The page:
Making a wireless remotely controlled robot is a dream of many electronic hobbyist. So I thought of publishing a article that could you in making one. Also I wanted to refine the design as many design available on web has several flaws. Many design that you will find on the web would be based on a HT12D/HT12E based encoder/decoder pair coupled with some logic chips or microcontroller and a L293D motor driver chip. The problem with these designs is that HT12D/HT12E encored/decoder pair can only transmit four bits of data. This implies that very limited kind of control is possible.
Moving on to next popular design, i.e. the HT12D/HT12E coupled with a microcontroller is the silliest design any one could invent. But this is very popular! This is due to the fact the most novice embedded programmers are NOT real programmers. Thus they cannot do much more than simple programs. To cover up their limitations, they use a encoder/decoder chips for preparing data to be sent over RF modules. But this very simple task of encoding-decoding can be easily done in the microcontroller itself! Relying on HT12D/HT12E for encoding/decoding you are limited to only four bits of data transfer in each packet. While, if you design your own data packet format, then you are free to transmit any number of bits. Further it reduces the cost design and board size too.
Here is a live example of this kind of solution http://www.efxkits.us/radio-frequency-remote-controlled/ these people claim themselves to have 7 or more years of expertise and other hypes.
In my design I have added a very useful function, to facilitate the speed control of robot. That means we will be having a total of six buttons on the remote control unit. Four of these would be standard directional keypad providing forward, backward motion and as well as turning left and right. Two extra buttons that we would be implementing is NOT found in other designs available. The two would be the FAST and SLOW button. Normally when you drive the robot without pressing any of the keys, it will run at the normal speed. Pressing the FAST button will move it faster, on the other hand pressing SLOW button will move it move slower, allowing you to maneuver tricky paths without colliding, as slow robot is in better control of the operator.
One last enhancement that I have implement is "drifting". On other designs of wireless robot when the user press the LEFT or RIGHT turning keys, the robot stops moving in the direction in which it was going (forward or backward) and start turning. In drifting mode, if you press LEFT or RIGHT keys while you are already going forward or backward (by pressing forward or backward keys of course) the robot won't stop moving and start rotating. Instead, it will just start drifting toward left or right just like a real car. This is made possible by slightly slowing down the respective motor.
Also while designing a wireless robot we should keep in mind that when robot is NOT in the range of controller it should stop. Some design of robot requires stop command to be received from the remote control unit in order to be stopped. This is again a big flaw in the design. Because once the robot goes out of range, you will not be able to stop it and it may fall off the building or go bump into your table (and hopefully breaking itself!)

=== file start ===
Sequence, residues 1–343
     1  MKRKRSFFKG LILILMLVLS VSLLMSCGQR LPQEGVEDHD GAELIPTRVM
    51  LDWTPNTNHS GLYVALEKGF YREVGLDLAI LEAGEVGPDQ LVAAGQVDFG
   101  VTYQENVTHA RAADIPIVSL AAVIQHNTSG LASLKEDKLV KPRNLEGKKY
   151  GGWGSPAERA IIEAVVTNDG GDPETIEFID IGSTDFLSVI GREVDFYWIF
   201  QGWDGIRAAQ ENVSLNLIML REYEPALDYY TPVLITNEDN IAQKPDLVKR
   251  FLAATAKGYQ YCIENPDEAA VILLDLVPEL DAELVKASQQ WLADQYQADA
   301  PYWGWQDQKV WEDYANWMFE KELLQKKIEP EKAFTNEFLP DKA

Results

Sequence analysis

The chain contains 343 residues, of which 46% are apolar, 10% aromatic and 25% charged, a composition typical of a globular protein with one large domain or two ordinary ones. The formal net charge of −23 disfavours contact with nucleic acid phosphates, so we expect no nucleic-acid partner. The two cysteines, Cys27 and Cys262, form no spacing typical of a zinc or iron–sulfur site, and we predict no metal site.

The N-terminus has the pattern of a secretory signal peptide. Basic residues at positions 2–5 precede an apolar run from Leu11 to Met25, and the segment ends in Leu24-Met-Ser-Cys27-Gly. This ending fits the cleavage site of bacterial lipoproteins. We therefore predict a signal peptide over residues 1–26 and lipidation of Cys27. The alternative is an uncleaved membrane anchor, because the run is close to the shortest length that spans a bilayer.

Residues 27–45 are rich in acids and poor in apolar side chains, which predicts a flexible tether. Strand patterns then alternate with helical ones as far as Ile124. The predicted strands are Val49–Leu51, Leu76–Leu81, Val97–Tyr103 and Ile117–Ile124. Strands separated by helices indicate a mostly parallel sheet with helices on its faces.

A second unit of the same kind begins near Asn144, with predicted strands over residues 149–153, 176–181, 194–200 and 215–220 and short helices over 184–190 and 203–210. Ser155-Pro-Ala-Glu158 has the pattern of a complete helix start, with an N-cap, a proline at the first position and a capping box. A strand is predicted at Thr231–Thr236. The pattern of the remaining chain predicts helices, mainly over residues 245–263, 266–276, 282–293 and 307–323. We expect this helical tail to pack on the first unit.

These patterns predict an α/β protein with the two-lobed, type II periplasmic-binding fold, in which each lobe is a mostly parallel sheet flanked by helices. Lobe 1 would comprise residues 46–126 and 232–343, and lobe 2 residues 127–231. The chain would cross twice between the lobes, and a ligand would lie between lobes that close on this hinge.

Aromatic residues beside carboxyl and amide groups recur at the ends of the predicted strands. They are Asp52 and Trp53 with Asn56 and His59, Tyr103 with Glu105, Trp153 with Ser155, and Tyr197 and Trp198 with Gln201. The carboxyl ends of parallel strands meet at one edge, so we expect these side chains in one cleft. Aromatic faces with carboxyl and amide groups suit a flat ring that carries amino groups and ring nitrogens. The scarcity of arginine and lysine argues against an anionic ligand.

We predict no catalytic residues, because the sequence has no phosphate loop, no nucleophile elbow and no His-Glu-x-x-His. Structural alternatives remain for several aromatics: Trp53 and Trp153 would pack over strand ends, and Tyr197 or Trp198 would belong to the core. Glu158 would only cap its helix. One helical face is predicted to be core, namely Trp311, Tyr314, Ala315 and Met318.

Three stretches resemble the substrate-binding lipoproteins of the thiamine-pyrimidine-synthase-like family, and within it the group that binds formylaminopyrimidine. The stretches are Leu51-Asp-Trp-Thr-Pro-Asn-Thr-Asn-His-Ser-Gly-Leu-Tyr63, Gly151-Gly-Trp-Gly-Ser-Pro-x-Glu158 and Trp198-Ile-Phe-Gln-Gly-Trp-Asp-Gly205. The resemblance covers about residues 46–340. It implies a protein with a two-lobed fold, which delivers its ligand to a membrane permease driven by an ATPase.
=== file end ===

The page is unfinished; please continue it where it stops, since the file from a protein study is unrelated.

For the design of radio controlled robot we have chosen AVR ATmega8 microcontroller. Which is a very popular, low cost and easily available microcontroller. It receives data from RF module on its serial data receive pin, that is RXD (PIN 2). Then it processes the data and generates control signal for the two motors (left and right). It also generates the PWM signal on its OC1A and OC1B pins (pin 15 & 16), this PWM signal is used to control the speed of the two motors. OC1A controls the speed of left motor, while OC1B controls the speed of right motor. Four general purpose input output lines of PORTD(PD1, PD2,PD3 and PD4) are used to control the direction of motors. The output from the microcontroller's pins are not strong enough to provide enough voltage and current to drive motors directly. So we need to use motor driver IC like L293D.
The microcontroller is clocked from a 16MHz crystal oscillator which you can see in the left hand side of the circuit diagram. It is connected to pins XTAL1 and XTAL2(pin 9 and 10) of the microcontroller.
In the right of schematic you can see the bi colour LED(D1). It serves a very helpful purpose! It indicates if the robot is control range of the operator or not. When the transmitter is not in range or is switched off. This LED will turn RED. Other wise if the robot is receiving signals from the controller without any problem, it will turn a sweet green colour.
The whole circuit should be powered using regulated 5v supply only. This can be easily designed using a 7805 voltage regulator IC. Also note one important thing that one of the up pointing arrow which is pin 8 of the L293D IC (motor driver) should be connected to 12V supply. This can be obtained from a 12V battery like those used in UPS of PC or using 9 AA cells.
NEVER USE SMALL 9V BATTERIES FOR ROBOTICS PURPOSE! They have very high internal resistance and cannot source enough current to drive any kind of motors. If loaded with motors, their voltage drops to an unacceptably low level. This causes erratic behavior of the microcontroller.
Bill of Materials
|01||R1||4K7||1/4 Watt Resistor||1|
|02||R2, R3||330 ohms||1/4 Watt Resistor||2|
|03||C1, C2,C3||100n||Ceramic Disc Capacitor||3|
|04||C4,C5||22pF||Ceramic Disc Capacitor||2|
|06||U1||28 PIN||IC Socket||1|
|07||U2||L293D||Dual Motor Driver IC||1|
|11||D1||RED/GREEN||Bi colour LED (Red+Green), common anode||1|
|12||-||200 RPM||12V DC Gear Motor||2|
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Pratik Mahale, Delwar, John, Hasanen,